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The rise of the jacktivist

I moved from Washington, D.C., to Silicon Valley roughly a year and a half ago. Since then, I often tell people that the main difference between the two is that they run on different currencies: Washington runs on power, the Valley runs on ideas. Meetings here start with a simple prompt, one as innocent as...

Personalization reaches newsrooms

Ten years ago, EPIC 2014 warned of automated algorithms entertaining the masses with frivolous news items made relevant by their routines online. Today, companies like Facebook are struggling to learn what newsrooms have long known: Presenting readers with personally relevant news is both science and art. In 2015, affordable tools analyzing a wealth of reader...

U.S. tech gets more political worldwide

In 2015, the role of private, for-profit, spectacularly successful, incredibly useful, and more and more powerful U.S.-based digital intermediaries will become an increasingly politicized issue around the world. As companies like Google...Show More Summary

The capital hook

All those Bitcoin startups will be on the hook to launch their products. As a result, venture capital, after its brief dalliance with the media industry, will forget about content and return to its first love, totally imaginary mark...

Freelancing sucks

Freelancing sucks. Everyone knows this: the freelancers, who are forced to beg for months-late checks; the editors, who surf on an endless sea of referrals, looking for unicorn writers who turn in copy clean and on time; the readers, who get the short end of the content stick when writers are rushing to work quickly...

The allure of a finishable digital news experience

1. Social storytelling News organizations have been Storifying and embedding tweets for the past three or four years, and 2015 will see further experimentation around adding social elements to stories. Some news sites may style social elements to fit with the design of their article pages, but an increasing number of outlets will try SAM,...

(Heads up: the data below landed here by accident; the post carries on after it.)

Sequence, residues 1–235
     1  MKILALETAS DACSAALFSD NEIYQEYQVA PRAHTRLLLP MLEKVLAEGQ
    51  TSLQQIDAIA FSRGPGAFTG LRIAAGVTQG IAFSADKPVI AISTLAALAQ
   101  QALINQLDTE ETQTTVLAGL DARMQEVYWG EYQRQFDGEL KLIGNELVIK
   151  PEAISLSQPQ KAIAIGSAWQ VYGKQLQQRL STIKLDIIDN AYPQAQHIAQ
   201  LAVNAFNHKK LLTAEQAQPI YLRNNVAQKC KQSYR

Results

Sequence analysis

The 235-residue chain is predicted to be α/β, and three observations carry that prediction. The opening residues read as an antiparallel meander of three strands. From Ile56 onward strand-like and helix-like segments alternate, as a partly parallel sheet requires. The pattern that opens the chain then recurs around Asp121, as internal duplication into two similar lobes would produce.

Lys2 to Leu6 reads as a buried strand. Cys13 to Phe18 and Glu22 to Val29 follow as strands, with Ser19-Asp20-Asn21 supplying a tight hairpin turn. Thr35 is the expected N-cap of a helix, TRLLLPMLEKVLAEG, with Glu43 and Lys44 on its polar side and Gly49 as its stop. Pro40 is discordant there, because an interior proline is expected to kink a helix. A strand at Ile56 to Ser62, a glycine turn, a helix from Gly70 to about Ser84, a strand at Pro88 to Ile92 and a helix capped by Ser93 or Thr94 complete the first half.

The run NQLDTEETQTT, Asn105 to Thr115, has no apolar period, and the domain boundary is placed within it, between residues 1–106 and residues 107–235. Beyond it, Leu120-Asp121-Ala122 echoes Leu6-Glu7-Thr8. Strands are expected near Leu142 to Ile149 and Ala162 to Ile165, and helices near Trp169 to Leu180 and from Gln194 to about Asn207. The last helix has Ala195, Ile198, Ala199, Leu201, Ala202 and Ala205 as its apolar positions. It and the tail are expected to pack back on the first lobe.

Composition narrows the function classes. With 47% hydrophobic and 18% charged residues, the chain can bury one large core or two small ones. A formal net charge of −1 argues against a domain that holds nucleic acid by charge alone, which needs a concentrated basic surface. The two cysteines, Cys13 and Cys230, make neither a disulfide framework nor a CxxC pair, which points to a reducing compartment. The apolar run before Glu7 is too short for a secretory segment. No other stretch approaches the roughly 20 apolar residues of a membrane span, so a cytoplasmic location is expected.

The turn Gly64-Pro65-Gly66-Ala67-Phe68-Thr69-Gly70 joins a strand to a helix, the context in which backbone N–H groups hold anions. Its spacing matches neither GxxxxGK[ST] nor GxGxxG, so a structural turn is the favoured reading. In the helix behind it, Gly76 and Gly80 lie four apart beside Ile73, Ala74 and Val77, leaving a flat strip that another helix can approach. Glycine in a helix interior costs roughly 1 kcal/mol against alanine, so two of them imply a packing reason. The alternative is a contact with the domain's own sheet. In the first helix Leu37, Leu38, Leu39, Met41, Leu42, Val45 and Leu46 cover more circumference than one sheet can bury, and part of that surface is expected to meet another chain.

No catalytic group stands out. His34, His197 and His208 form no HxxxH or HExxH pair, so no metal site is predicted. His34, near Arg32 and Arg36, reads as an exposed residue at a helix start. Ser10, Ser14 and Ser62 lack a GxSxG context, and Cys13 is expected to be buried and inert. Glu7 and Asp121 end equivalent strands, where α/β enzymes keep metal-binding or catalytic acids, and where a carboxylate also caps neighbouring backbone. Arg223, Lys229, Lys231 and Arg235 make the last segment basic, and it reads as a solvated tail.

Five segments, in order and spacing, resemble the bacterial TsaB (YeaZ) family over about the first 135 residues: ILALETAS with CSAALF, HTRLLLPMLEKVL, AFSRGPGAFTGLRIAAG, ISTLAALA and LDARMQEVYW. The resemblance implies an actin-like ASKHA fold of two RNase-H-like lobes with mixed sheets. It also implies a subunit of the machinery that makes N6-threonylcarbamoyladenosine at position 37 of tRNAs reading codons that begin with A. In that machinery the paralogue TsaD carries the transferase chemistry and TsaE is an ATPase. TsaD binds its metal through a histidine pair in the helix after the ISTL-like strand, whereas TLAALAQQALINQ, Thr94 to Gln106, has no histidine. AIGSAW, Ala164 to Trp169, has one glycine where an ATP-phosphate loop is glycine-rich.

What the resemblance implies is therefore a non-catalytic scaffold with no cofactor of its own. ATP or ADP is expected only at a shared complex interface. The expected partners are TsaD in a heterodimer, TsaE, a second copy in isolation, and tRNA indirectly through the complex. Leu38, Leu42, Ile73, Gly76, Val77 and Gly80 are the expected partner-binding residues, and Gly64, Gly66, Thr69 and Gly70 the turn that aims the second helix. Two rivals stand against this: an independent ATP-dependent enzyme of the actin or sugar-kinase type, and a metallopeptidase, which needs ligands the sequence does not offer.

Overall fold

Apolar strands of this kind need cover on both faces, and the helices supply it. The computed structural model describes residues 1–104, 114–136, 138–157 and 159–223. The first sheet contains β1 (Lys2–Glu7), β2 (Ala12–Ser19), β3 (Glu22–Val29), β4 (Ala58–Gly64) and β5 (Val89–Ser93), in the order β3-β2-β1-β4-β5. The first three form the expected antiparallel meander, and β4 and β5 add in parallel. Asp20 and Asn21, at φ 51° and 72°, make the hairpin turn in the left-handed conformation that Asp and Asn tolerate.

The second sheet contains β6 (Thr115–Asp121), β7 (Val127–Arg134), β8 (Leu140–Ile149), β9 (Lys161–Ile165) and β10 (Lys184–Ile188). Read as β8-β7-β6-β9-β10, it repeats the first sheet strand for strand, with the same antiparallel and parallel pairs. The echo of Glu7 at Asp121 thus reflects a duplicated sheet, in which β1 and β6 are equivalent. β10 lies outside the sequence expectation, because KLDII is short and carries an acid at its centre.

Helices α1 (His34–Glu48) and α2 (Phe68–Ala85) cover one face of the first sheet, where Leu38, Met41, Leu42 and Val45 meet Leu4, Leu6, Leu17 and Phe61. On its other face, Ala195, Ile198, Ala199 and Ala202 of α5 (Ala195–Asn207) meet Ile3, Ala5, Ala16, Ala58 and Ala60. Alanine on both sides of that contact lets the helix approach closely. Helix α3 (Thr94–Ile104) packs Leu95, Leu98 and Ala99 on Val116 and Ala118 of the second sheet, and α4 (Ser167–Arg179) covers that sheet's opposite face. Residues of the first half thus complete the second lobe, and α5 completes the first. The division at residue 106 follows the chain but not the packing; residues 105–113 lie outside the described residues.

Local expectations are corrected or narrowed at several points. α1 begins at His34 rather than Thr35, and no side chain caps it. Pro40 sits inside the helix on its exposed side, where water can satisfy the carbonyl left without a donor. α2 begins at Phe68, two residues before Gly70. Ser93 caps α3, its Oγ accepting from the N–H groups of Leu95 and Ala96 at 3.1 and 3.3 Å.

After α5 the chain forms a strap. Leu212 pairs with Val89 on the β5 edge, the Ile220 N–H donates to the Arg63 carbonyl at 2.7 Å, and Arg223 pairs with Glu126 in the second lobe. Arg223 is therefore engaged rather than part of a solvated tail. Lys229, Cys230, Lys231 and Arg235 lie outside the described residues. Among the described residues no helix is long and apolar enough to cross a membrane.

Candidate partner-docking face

Race isn’t a specialized beat

Voting rights. Policing. Domestic violence. Immigration. LeBron. Solange. What do all of these things have in common? They were all among the top stories of 2014, and they all involved race. African Americans aren’t the only ones reading these stories, and, increasingly black journalists aren’t the only ones covering as them. Which brings me to...

Jeweler mentions his arrest in newspaper ad

The jeweler bought a full-page ad in the News-Topic a week later: I called Garon Mabe and asked about the ad. “I just did it to poke fun of myself,” he said. (He didn’t clear it with his lawyer.) By the way, that’s not Mabe in the Santa mug shot; it’s an image his employee … Read More

From walls to canals

Competition is the merciless propelling force of this new era of journalism — and in the year ahead that will only intensify. It’s a beautiful thing, though of course not everyone will win. To spot future winners and losers, watch the following issues: The “Chinese wall” cannot be the only concept governing relations between newsrooms...

The public-records fight behind the battle over James Brown's will